Beauty From “Shithole” Countries

Two works of art from “shithole” countries, both displayed prominently in their usual place, above the couch in our living room.

ShitholeCountryArt
At bottom right, next to the light switch, a small painting I bought on my trip to El Salvador. On the left, a larger painting that the people of Petit-Guave Haiti gifted me with, at the conclusion of one of my five trips there.

Just a reminder of the creativity, beauty, and heart of the Haitian and Salvadoran people.

I’m struggling a bit with tomorrow. In recent months, I’ve made a conscious effort to *not* respond to the President, when these stories break. And our scripture tomorrow is on the temptation of Jesus…trying to discern what, if anything is the connection. (And, if I mention it at all, clearly if will be without mentioning the actual word…) Any words of advice would be welcomed. But my guess it will be something like this…

The temptation for *us* is always to be so wrapped up in the outrage and offense of the WORDS, that we fail to really see the far more dangerous ACTIONS.

Truth is, other Presidents have said offensive things. As this story was unfolding, my thoughts moved to LBJ. Frankly, I can imagine *him* absolutely using that word. (He’s on tape using a very similar word when talking to his tailor).

But LBJ had a real heart for the poor and for racial justice. He was by no means a bleeding heart liberal. But the Civil Rights act, and his war on poverty, show a heart for the plight of racial minorities, and working class Whites.

Remember: the President’s “shithole” comment was made in the context of a discussion on immigration (and also included Africa…). It seems to indicate his loathing for black and brown people, and his preference for White Europeans. Hard to read it any other way. Add in the Muslim ban and comments about a Latino Judge, and you’ve got a very troubling picture of his *actions,* not just his words.

We must keep our focus on this, on confronting his policies and actions, and not allow ourselves to be tempted and lulled into a false sense of accomplishment from Tweeting our offense at the Presidents offensive comments.

To that end….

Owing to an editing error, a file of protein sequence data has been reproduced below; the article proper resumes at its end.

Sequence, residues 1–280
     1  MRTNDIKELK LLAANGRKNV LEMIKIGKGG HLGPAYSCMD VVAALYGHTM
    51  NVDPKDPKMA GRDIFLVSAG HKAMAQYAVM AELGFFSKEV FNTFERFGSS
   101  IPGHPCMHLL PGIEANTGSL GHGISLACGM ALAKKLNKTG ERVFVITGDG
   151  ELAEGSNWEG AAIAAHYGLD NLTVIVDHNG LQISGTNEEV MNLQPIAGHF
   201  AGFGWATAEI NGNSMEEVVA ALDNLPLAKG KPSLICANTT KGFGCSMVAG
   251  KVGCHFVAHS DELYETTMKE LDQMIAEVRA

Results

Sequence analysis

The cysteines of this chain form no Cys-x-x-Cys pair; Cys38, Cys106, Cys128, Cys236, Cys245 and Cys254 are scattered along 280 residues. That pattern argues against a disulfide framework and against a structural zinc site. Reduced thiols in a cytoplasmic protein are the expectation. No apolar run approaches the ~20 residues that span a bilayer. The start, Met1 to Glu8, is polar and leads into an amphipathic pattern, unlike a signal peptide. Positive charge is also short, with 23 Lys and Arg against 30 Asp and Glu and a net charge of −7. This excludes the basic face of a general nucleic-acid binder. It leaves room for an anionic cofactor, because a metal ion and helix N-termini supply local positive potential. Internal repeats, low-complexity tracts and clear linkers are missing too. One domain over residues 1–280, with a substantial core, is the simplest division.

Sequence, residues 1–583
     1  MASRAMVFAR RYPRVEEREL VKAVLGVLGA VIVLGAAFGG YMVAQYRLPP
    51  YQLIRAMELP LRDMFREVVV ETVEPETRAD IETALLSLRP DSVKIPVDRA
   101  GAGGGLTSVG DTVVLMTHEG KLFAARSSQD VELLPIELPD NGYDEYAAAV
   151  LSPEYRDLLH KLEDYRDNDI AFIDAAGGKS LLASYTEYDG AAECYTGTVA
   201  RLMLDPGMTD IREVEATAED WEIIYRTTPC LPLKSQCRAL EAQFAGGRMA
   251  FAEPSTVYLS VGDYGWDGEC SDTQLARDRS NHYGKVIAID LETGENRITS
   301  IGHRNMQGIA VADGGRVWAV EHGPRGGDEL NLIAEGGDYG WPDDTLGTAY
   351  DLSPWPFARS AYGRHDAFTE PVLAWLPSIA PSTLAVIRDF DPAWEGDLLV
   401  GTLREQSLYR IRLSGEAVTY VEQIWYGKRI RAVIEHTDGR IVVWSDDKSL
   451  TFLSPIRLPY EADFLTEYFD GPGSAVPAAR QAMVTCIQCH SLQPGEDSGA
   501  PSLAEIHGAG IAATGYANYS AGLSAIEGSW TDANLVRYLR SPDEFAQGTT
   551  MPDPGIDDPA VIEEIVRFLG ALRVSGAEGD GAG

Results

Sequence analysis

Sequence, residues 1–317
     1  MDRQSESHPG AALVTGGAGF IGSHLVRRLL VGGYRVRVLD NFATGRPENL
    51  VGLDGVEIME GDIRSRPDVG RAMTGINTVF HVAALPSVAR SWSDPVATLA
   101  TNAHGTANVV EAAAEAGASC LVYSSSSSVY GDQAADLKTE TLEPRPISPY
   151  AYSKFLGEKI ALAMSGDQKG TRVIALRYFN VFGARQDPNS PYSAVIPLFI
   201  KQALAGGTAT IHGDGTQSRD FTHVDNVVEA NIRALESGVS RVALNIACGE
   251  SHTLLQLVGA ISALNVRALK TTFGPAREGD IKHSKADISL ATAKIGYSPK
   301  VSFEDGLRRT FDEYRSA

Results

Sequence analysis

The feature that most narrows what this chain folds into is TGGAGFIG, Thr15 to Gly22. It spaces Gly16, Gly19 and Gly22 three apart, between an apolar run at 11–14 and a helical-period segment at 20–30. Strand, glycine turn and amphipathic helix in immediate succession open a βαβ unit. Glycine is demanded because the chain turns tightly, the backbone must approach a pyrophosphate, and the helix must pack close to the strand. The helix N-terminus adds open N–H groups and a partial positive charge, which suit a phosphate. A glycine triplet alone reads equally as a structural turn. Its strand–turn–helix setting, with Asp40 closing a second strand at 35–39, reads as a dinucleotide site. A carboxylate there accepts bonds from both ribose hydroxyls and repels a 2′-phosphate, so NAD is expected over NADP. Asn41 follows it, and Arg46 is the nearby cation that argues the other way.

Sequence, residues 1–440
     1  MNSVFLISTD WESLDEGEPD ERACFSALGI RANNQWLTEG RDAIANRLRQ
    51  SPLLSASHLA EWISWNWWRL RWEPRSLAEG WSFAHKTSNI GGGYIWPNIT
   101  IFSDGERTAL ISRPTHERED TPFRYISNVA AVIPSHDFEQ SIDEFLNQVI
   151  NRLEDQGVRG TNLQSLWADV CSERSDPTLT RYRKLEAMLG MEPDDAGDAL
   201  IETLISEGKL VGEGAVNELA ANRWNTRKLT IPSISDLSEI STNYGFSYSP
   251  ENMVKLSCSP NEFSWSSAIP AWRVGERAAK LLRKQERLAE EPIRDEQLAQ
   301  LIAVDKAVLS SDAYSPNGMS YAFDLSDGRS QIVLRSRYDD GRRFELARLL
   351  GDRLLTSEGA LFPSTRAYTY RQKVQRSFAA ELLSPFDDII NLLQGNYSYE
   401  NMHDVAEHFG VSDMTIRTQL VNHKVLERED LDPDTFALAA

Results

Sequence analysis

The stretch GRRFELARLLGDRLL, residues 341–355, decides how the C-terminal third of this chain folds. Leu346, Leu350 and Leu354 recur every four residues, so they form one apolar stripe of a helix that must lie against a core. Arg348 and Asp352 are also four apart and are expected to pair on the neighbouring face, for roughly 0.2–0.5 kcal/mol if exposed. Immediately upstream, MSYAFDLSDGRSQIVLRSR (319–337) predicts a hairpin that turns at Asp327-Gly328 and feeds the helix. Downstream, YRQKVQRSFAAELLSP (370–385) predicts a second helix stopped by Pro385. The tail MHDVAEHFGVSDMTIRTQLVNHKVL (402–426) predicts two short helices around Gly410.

What will YOU do to support immigrants from lands like Haiti, Salvador and Africa?

How will YOU support continued immigration from those lands?

And if you meet someone from these lands, especially if you are White, consider speaking and acting especially kindly toward them.

Can you imagine how it must feel to be the African clerk at 7-11, or the Haitian doctoral student at your local university, and hear the White president call your nation a “shithole?”

Whites bear a special burden in this historical time to show that we believe in the multiracial democracy that is America.

And, of course, Christians always called to see Jesus in “the least of these.”
We are compelled by God to do so.

For me, I will continue to ponder all the incredible life-lessons I’ve leaned from my Haitian and Salvadoran friends. The art that graces our walls is a symbol of the parts of them I carry with me always.

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Eric Folkerth is a minister, musician, author and blogger. He is Senior Pastor of The Woods United Methodist Church in Grand Prairie, Texas. For seventeen years, he was pastor at Northaven UMC in Dallas, Texas. Eric is an avid blogger and published author. Eric is also an award-winning singer-songwriter, who performs throughout Texas and the Southwest. He's won honorable mention in both the Billboard and Great American song contests; and he's been a finalist in the 5th Street Festival and South Florida Folk Festival songwriter competitions. Eric is also a leader of Connections, a unique band comprised of United Methodist clergy and layfolk from throughout North Texas. Connections performs "cover shows" of artists like Dan Fogelberg, Chicago, Eagles, Doobie Brothers, Billy Joel, Stevie Wonder, James Taylor and others. Their shows draw crowds of between 300 and 1,000 fans, and they have raised more than $240,000 dollars for worthy charities. Eric has led or co-led hundreds of persons on mission trips around the globe, to places such as Mexico, Haiti, Russia, and Nepal. He has worked with lay persons to build ten homes, and one Community Center, in partnership with Habitat for Humanity of Dallas. He's a popular preacher, and often tackles challenging issues of social justice in his writings and sermons. His wife, Judge Dennise Garcia, is a State District Judge for Dallas, County. As judge of the 303rd Family District Court, she consistently gets high ratings from area lawyers, and was named "best judge" by The Dallas Observer. First elected in 2004, she was the first Latina ever elected to a county-wide bench in Dallas County. She was re-elected for a third term in 2010. They have the world's best daughter, Maria, and an incredible dog, Daisy.

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